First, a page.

8. Fill in the blank: If you're not writing, you are irritable.
9. What do you hope readers will gain from Choices Meant for Gods and the rest of your trilogy?
Sandy Lender: Even though life isn't always fair, even though we don't always get what we want, there are amazing people we meet during our journeys who lift us up. Without these people, the journey wouldn't be worth much.
10. Is there anything else you'd like to share with us?
Sandy Lender: This might seem a wee bit odd, but in addition to my Choices Meant for Gods, I would encourage folks also to read Jane Eyre, by Charlotte Bronte. This novel is one of the best ever written. It's my favorite of all time. There are elements in Jane Eyre that influence my writing on a conscious and subconscious level, and folks who have already read the book will probably pick out a few of those elements in Choices Meant for Gods.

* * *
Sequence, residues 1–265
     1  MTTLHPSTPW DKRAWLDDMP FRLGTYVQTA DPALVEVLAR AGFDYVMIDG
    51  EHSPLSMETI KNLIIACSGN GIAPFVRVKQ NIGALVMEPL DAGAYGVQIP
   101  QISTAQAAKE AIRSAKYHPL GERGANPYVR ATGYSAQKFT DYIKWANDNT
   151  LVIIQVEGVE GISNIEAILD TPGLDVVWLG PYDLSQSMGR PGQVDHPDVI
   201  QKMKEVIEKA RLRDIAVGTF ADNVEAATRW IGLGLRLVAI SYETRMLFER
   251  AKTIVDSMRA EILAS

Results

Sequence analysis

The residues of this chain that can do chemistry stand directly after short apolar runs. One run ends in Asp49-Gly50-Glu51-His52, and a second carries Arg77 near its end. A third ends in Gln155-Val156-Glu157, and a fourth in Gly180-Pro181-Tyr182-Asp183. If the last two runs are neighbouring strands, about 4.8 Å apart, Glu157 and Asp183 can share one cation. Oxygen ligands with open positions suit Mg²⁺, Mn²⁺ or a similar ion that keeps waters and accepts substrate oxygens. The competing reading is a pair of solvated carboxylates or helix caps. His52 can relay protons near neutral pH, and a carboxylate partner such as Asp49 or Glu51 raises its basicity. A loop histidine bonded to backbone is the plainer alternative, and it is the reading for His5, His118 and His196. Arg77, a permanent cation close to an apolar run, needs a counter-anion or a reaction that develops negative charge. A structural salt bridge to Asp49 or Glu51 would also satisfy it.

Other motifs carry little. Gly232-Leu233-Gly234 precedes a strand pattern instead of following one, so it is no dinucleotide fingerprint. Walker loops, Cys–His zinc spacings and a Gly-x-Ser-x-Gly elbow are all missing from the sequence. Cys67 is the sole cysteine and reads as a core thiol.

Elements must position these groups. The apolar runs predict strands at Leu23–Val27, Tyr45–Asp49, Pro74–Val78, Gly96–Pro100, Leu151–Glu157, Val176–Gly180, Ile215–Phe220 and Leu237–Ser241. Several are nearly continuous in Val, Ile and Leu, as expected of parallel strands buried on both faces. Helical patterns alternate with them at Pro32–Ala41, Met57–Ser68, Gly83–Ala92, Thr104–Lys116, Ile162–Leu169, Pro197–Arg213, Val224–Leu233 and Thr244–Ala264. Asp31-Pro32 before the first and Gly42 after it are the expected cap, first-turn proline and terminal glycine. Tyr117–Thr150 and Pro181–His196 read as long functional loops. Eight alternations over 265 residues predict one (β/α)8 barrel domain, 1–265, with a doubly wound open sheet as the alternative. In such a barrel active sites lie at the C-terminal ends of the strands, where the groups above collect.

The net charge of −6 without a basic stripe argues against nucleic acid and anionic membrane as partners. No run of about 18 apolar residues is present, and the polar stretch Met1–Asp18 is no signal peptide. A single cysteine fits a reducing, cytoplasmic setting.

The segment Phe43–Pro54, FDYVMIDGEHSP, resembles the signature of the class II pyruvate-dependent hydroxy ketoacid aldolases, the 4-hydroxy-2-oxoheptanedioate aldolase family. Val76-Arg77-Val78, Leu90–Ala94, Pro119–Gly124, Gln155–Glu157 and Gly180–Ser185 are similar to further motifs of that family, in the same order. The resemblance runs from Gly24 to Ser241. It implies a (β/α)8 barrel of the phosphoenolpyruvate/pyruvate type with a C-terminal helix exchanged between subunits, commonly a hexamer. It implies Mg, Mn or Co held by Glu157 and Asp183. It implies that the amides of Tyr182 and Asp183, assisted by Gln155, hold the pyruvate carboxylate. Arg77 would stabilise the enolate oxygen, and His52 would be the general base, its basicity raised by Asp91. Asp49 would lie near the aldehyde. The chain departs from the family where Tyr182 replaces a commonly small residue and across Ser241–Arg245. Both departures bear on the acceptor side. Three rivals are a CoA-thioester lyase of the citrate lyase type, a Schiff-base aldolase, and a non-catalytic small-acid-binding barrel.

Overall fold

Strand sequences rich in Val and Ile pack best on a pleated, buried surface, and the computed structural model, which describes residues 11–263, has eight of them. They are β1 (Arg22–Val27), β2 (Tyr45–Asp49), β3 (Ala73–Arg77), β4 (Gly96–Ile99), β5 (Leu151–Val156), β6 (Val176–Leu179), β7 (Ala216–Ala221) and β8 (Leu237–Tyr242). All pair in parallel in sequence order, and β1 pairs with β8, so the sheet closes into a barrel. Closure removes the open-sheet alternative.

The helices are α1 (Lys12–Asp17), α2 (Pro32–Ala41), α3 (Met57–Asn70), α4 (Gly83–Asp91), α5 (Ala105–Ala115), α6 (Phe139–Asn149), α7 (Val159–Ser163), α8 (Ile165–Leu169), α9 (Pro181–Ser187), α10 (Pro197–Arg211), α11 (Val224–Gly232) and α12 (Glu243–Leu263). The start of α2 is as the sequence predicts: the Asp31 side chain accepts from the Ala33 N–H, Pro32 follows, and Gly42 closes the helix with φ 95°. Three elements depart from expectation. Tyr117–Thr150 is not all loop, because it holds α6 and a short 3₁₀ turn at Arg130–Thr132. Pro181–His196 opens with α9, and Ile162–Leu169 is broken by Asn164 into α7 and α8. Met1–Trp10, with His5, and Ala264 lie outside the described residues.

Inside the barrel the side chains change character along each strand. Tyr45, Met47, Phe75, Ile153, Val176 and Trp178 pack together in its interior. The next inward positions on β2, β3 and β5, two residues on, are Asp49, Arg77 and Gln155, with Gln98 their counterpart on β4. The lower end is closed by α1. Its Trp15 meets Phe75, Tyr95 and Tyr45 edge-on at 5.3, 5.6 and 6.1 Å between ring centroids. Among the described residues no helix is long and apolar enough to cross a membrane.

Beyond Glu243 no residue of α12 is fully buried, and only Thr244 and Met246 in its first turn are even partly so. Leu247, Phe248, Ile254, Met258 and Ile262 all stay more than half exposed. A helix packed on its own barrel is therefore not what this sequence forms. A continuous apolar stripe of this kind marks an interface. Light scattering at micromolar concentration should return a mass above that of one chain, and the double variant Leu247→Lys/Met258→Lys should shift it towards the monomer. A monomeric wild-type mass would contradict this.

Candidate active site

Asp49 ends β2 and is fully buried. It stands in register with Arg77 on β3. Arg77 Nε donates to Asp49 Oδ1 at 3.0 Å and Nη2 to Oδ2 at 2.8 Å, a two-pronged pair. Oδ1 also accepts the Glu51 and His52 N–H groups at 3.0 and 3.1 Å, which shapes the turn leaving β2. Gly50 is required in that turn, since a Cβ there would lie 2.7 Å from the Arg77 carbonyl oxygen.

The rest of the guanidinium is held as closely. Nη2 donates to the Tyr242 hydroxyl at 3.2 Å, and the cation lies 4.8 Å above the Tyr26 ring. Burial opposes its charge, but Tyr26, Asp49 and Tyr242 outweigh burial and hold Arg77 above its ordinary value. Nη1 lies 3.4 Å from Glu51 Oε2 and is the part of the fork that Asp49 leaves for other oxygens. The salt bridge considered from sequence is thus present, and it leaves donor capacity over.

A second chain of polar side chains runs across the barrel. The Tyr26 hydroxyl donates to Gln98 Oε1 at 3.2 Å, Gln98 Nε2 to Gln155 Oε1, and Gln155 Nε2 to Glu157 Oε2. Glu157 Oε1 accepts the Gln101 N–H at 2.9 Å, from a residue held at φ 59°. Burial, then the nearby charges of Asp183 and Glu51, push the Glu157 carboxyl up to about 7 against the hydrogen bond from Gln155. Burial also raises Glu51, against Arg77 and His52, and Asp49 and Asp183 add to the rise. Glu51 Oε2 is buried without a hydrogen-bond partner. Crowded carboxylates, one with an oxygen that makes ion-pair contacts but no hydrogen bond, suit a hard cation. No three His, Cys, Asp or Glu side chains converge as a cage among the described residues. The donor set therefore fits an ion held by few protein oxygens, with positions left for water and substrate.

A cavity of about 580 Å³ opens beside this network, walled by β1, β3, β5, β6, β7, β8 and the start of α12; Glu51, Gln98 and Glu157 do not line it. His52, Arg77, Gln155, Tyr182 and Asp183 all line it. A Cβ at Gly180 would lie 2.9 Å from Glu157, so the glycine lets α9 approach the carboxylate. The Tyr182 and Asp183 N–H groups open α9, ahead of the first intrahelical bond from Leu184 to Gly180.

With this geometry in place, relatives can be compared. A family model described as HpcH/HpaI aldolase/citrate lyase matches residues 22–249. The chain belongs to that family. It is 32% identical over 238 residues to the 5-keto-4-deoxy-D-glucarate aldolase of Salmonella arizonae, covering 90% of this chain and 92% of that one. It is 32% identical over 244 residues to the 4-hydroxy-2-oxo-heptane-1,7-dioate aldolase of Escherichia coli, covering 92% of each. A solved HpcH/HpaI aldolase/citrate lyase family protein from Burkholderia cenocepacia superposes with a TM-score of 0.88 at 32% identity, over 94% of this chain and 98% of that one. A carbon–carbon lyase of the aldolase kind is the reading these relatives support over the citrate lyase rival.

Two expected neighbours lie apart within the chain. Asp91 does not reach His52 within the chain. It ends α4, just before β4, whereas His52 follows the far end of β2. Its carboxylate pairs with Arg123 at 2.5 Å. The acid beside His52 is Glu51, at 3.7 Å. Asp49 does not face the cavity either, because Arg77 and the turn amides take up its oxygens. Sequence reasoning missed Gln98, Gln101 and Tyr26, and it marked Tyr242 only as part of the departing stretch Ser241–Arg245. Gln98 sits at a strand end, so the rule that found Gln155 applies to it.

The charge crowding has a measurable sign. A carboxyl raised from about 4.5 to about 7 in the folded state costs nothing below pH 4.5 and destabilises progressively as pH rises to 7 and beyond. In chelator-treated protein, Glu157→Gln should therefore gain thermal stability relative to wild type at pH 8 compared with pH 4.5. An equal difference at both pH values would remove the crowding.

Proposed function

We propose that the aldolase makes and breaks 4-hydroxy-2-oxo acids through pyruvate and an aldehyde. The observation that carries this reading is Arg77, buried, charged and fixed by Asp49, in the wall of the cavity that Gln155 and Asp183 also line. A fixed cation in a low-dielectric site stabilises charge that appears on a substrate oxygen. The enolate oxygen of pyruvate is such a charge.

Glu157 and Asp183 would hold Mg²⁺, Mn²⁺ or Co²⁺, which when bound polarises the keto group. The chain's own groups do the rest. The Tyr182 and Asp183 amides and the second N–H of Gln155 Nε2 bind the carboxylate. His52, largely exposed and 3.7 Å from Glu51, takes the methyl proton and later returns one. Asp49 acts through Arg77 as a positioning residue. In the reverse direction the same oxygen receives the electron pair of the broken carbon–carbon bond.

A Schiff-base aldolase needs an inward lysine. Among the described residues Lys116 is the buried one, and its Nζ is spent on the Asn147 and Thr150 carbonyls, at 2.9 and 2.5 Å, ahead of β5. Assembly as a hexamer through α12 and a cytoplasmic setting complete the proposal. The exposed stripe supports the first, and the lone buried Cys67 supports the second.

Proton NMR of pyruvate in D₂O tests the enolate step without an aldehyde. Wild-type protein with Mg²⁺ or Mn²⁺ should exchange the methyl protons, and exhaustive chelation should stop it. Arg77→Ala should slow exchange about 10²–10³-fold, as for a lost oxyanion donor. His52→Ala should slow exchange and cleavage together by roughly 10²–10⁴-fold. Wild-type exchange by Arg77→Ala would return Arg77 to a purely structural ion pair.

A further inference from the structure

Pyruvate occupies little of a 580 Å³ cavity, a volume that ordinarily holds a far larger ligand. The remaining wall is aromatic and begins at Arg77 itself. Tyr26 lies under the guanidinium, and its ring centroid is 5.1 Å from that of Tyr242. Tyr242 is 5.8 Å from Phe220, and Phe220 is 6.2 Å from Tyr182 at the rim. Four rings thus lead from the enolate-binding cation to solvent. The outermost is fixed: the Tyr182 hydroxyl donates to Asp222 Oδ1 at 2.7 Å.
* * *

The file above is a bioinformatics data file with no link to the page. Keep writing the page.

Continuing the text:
Also, thank you so much for hosting me! And thank you to all the visitors who've stopped in to read our interview today. It's been a fun exercise.
Thank you so much Sandy for sitting down and doing this interview with me! I'm so excited about this book and I hope everyone else is too.
To learn more about Sandy and Choices Meant for Gods check out the rest of her blog tour: